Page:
The two other African elephants, Tange and Zula, spent their entire lives at Chehaw Wild Animal Park in Albany, Ga., and are being retired after thirty years. The animal park's director, Glenn Doborgosz, says, "They deserve to live out their remaining years in the very best captive environment possible."
Buckley said the sanctuary's operating budget for the eight elephants has been about $600,000 a year, much of it generated by public support and 20,000 sanctuary members across North America. The sanctuary goal is to one day be home to 100 elephants.
The next project will be a second Asian elephant barn, plus "warming huts" that are sort of like halfway houses - enclosures for elephants who don't want to return to the main barn while out exploring and grazing.
Buckley describes elephants as intelligent, socially complex animals that in captivity often are starved for an emotional connection and mental stimulation. The sanctuary allows them to be elephants, to interact with one another and follow a migratory nature. They walk three to 15 miles a day at the sanctuary.
Besides barn feedings, a couple of caregivers routinely head into the habitat with a "meals on wheels" program to provide grain, dietary supplements, produce and even foot soaks or trims.
The sanctuary is not open to the public. However, an education center is planned that would let people on a limited basis view the elephants and the habitat through cameras strategically placed around the preserve.
Buckley was a California college student studying exotic animal care in the 1970s when she looked up one day and saw a baby elephant, Tarra, walking past her house. A local tire dealer had bought the tiny elephant as a promotion gimmick for his store.
Buckley volunteered to help train Tarra and wound up buying her. For 20 years they were together at circuses, zoos and elsewhere, but Buckley's dream was to have a place "where elephants could just be elephants."
Buckley said volunteers who come to the sanctuary are disappointed they can't be with the elephants. But she said the experience still has a profound impact on them: "They realize it's not about viewing the elephants but seeing what we're doing for elephants."
To learn more about the Sanctuary, you can visit www.elephants.com online or call (931) 796-6500.
A follow-up letter to the editor of the Evansville Courier Press from a devoted Bunny fan follows:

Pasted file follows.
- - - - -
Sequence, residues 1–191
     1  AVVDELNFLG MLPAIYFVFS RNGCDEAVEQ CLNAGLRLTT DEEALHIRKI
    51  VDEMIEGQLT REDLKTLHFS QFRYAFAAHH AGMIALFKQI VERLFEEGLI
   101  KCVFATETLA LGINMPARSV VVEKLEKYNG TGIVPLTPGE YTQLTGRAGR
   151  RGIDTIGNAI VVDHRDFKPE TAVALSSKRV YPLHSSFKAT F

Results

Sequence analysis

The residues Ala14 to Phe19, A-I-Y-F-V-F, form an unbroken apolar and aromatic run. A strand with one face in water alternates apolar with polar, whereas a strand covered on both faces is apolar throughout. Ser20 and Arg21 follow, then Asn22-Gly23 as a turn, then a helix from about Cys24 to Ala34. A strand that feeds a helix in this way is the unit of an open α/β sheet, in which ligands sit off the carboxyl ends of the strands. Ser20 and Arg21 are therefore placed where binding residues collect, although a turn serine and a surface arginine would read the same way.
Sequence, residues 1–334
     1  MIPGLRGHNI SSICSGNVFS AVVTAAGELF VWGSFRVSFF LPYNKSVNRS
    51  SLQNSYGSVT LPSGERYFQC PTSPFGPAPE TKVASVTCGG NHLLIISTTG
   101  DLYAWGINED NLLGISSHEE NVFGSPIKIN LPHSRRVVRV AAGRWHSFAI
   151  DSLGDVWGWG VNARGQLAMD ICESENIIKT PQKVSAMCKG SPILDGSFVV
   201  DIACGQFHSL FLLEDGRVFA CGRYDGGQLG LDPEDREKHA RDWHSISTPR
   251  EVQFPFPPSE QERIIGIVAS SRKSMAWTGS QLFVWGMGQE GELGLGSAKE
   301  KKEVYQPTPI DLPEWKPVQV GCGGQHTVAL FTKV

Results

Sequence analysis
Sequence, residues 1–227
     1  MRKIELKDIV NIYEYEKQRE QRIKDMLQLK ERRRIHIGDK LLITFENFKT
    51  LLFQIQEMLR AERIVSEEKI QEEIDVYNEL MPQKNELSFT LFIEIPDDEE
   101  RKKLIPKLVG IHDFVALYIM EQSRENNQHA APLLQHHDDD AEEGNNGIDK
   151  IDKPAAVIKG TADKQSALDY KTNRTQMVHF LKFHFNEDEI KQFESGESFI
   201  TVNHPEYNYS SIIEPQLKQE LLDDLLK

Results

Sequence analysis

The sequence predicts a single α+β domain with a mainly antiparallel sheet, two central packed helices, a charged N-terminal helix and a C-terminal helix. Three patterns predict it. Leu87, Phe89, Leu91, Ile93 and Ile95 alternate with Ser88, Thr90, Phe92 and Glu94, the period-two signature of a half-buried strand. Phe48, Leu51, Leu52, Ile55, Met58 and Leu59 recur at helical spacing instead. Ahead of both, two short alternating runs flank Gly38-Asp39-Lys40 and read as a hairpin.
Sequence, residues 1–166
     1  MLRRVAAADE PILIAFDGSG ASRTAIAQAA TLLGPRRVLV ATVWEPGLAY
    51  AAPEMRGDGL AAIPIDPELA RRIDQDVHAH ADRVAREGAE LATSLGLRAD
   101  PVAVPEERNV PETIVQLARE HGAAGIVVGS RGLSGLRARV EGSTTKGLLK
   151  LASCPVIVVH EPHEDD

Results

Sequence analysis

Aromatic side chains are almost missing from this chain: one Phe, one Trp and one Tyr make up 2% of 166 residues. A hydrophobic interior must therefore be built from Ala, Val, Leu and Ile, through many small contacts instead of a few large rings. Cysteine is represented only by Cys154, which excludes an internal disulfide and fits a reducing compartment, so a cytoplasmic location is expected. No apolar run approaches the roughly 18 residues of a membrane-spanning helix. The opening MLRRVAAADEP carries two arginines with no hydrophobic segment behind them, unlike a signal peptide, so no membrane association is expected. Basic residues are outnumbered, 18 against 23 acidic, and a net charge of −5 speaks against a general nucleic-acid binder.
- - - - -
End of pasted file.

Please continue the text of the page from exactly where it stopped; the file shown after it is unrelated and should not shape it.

Evansville Courier Press
To the editor:
I'm writing to thank the Evansville Courier & Press for the excellent article Sunday about Bunny and her stay at the Elephant Sanctuary in Tennessee. I am also writing to thank the people of the Evansville area for their love and generosity to Bunny over the years - first in the excellent care and attention she received at Mesker Park Zoo & Botanic Garden and then in their unselfishness in giving Bunny a wonderful retirement.
I am one of Bunny's biggest fans. I follow Bunny's life and watch Bunny often on the Elephant Sanctuary's live Web camera, the "Elecam." Saturday, as the sun was setting over the cold hills of Tennessee, I watched on the Elecam as Bunny approached the barn from a close meadow and entered. As always - the last elephant in. Then Bunny performed an exquisitely gentle turn-around in which she backed against her closest elephant sister. Immediately, Bunny and her sister touched trunks. Then Bunny moved on to an evening meal of elephant delectables set out especially for her.
I'd like to invite all of your readers who have not already discovered the Elephant Sanctuary's terrific Web site to join enthusiastic elephant fans at www.elephants.com. Bunny's early diary entries that document her joyful introduction to the Elephant Sanctuary are available at Bunny's biography site. Bunny's interactions with the new elephant, Tina, are part of Tina's ongoing diary, and the "Ele-Diary" documents all the elephants' progress. Bunny is very photogenic—just visit her journals.
As your article mentioned, The Elephant Sanctuary cares for an increasing number of elephants through the contribution of private donations. The Elephant Sanctuary Web site gives a good overview of the expenses involved in caring for the animals. Food alone costs about $1,000 a month. Some of the elephants such as Delhi, placed at the Sanctuary by the U.S. Department of Agriculture after she was confiscated from her former owner, need medical attention and lots of care.
I'd like to encourage the people of Evansville to continue their kindness to Bunny and all the elephants by contributing to The Elephant Sanctuary.
Contact the sanctuary by mail at The Elephant Sanctuary, P.O. Box 393, Hohenwald, Tenn. 38462; telephone at (931) 796-6500; fax at (931) 796-4810; or email email@example.com.
Again, many thanks to the people of Evansville and Mesker Park Zoo for the decision that freed Bunny to a place where she will spend the remainder of her life roaming free with other elephants. Come and join other Elephant Sanctuary fans!